THE BRONX, N.Y. – If you saw today’s Google Doodle, you were probably wondering why there was a turntable on the search engine’s home page. August 11 is the 44th anniversary of the birth of the newest reigning musical genre (along with R&B), hip hop!
While it’s often difficult to pinpoint the exact date of the emergence of musical genres, the birth of hip hop is widely attributed to a famous party that went down in the Bronx. In 1973, Jamaican-American DJ Clive Campbell, who went by the name Kool Herc, threw a back-to-school party at 1520 Sedgwick Avenue.
It was an event during this party that would give rise to a new style of music and would change music history forever. During his set, Herc bucked the tradition of playing songs in their entirety. With the keen eye of an innovator and the mind of a true musician, he noticed that the instrumental sections of the songs – the ones that didn’t feature any vocals – seemed to garner the biggest response from the crowd, so he only played these parts, called “the breaks.” (Kurtis Blow made an entire song about it.) While the crowd got down on the dance floor, his friend Coke La Rock took to the nearest microphone and started rhyming over the music. Today, of course, this is what we call “rapping.”
To celebrate this historic day, the minds at Google created a special interactive doodle with YouTube’s Global Head of Music and former head of Def Jam Records Lyor Cohen.
“Hip Hop was disruptive. Ultimately, to me, it shows that people in any situation have the ability to create something powerful and meaningful,” wrote Cohen in a blog post about the project.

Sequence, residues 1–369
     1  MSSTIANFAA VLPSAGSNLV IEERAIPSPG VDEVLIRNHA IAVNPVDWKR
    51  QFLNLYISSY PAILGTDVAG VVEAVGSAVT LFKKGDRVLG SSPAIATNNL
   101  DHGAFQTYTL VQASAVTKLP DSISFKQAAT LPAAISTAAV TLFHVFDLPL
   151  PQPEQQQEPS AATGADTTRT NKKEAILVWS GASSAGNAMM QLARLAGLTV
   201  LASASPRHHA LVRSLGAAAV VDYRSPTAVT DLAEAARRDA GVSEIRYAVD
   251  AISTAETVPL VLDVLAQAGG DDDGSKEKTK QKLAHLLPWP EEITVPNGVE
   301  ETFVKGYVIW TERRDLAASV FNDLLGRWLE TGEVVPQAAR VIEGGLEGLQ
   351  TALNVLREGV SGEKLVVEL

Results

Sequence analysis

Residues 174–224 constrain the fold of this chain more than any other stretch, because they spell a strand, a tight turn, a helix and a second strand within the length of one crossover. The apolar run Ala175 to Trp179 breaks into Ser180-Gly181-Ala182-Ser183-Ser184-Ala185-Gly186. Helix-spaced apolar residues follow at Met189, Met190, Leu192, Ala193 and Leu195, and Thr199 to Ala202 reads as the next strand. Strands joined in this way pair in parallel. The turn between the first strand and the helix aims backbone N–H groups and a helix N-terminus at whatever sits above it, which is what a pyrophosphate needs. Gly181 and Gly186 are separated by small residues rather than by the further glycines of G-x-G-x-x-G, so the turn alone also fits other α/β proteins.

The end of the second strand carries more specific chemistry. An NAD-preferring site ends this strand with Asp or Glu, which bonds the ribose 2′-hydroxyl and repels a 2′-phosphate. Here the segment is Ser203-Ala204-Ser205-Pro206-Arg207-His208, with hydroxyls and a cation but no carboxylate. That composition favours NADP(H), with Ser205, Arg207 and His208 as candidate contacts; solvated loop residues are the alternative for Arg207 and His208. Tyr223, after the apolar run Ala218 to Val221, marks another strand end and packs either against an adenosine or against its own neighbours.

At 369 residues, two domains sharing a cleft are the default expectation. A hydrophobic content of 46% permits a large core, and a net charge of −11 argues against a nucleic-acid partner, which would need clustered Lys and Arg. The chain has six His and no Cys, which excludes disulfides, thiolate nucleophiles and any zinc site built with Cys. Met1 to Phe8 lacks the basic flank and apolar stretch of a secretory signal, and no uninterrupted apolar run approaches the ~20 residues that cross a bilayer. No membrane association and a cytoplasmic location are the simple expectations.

The doodle begins with an animated history of the genre and the culture that was inspired by it. Narrated by the legendary Fab 5 Freddy, it offers a tutorial on how to mix and scratch samples from classic funk, disco and soul records – all genres that were crucial to the emergence of this newest style of music.
Even Ahmir “Questlove” Thompson, drummer for The Roots and music historian, loved it.
Hip hop encompasses more than just rap music – it also includes DJing, beatboxing, breakdancing, the style of dress, graffiti and language. It also evolved from just being a unique way to keep people dancing to becoming an outlet to spread awareness of different social issues. While the subculture was started by African Americans, Caribbean Americans and Puerto Ricans, it has resonated with the entire world. Over time styles and influences have changed and new subgenres within the genre have emerged, but the spirit behind it remains the same. It’s still a relatively new genre, but as we’ve seen, it continues to show that it has the ability to progress beyond what anyone ever thought it could have been.
Click here to to read more about the project, view concept art and storyboards from the early stages of animation production and to spin some records.